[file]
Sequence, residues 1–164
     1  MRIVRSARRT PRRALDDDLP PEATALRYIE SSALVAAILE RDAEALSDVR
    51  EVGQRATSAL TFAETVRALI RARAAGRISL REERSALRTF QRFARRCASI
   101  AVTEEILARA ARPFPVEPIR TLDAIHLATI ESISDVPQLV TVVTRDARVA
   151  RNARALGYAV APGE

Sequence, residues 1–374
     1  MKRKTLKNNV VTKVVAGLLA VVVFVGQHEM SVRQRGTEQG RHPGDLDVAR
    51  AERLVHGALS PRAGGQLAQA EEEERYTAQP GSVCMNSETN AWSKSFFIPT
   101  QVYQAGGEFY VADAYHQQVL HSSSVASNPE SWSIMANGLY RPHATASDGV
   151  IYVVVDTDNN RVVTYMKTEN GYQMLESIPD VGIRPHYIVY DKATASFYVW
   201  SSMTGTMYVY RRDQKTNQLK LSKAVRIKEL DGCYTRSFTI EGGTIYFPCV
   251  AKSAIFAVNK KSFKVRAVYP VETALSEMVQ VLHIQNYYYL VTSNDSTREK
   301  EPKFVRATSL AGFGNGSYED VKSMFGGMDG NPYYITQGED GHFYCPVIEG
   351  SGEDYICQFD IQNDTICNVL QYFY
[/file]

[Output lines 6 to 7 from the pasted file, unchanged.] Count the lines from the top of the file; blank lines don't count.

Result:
Sequence, residues 1–374
     1  MKRKTLKNNV VTKVVAGLLA VVVFVGQHEM SVRQRGTEQG RHPGDLDVAR